Women work to combat malnutrition in children
A women's group in the Marshall Islands says it is doing what it can do combat alarming rates of child malnutrition and diabetes in the country.
Women United Together Marshall Islands, or WUTNI, says it is working hard to combat high levels of child malnutrition and diabetes in the country by educating low-income and teen mothers from the time they become pregnant.
The Single State Agency have said its research measuring children and testing for diabetes has shown alarming results, and underscores the point that diabetes prevention cannot wait until adulthood.
The executive director of WUTNI, Kathryn Relang, says the problem is caused by lack of exercise, too much imported food and not enough education on what foods babies need to be healthy.
She told Mary Baines malnutrition and diabetes in children is a common problem in the Marshall Islands - but its Parents As Teachers programme is doing what it can to turn the situation around.
KATHRYN RELANG: For me, I see it everywhere in the Marshalls, where children are very malnourished, and diabetes here is really at an alarming high rate, the NCDs here in the Marshalls including high blood pressure and cancers.
MARY BAINES: So what's the cause of it? Why is it so prevalent in the Marshall Islands?
KR: Well it's definitely our lifestyle and the food that we eat. A lot of the goods here in the Marshalls are imported goods, and that includes the ones high in fat and sugar and we tend to purchase those foods instead of resort to our local foods. We also lack the space to plant our own local food or to have big farms that we could live off of our local food. But also we don't exercise a lot. You know every now and then there will be sports leagues or just kids playing on the fields but there's no specific areas available for people to just go and exercise.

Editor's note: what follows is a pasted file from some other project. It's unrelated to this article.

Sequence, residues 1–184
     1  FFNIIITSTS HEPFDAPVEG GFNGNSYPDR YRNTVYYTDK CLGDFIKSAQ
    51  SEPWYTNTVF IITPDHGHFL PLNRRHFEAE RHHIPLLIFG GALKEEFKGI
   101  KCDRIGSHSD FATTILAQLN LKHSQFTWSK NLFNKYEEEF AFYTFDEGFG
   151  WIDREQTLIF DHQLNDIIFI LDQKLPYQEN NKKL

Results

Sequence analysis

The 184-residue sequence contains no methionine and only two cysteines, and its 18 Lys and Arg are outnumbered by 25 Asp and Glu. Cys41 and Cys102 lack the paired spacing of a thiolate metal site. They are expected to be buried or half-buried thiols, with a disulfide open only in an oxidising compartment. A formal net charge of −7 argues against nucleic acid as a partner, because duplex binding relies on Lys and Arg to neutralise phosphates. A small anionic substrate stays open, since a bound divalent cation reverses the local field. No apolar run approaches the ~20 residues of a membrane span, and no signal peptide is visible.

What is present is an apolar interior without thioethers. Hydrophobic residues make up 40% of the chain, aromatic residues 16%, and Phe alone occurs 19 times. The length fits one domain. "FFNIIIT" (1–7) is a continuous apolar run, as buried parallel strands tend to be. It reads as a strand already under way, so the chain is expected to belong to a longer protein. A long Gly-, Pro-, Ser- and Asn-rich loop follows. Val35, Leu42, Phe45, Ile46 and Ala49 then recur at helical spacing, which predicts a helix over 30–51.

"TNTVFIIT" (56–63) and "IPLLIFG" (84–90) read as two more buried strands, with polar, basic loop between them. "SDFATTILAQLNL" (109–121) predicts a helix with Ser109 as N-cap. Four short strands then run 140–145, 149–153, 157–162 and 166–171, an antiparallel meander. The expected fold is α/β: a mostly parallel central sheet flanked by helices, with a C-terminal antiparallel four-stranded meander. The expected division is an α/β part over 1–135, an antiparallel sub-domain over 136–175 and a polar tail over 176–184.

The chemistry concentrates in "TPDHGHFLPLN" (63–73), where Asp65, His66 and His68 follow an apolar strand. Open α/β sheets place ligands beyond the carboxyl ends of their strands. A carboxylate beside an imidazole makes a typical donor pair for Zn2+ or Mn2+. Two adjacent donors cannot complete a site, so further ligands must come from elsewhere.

MB: I understand as part of your Parents As Teachers programme you work with educating mothers and nutrition is quite a big thing for you.
KR: We notice that a lot of the mums themselves maybe are malnourished or they're not ensuring that they go see a doctor or get their medical check-ups, or even their pre-natal check-ups. So we encourage them to attend those, especially the pre-natal, and taking their vitamins. And then we have a nutritionist, because we're not nutritionists ourselves, so we invite someone from the Ministry of Health to come and conduct some lessons on nutrition, especially when the baby has just been born or even when the baby is in the womb what sort of food the mum should be eating at the time she's pregnant and what foods the baby should be getting at various stages of the baby's life.
MB: In terms of government intervention, is there enough being done to stop this growing issue?
KR: With the Non Communicable Diseases Declaration, which was quite big to really oversee what really needs to be done, I think that's been a great step for the government. Our funding to support the Parents As Teachers programme comes from the Ministry of Education so there's also financial support from government to really continue on our effort. But there are things that we, you know, could be doing more.
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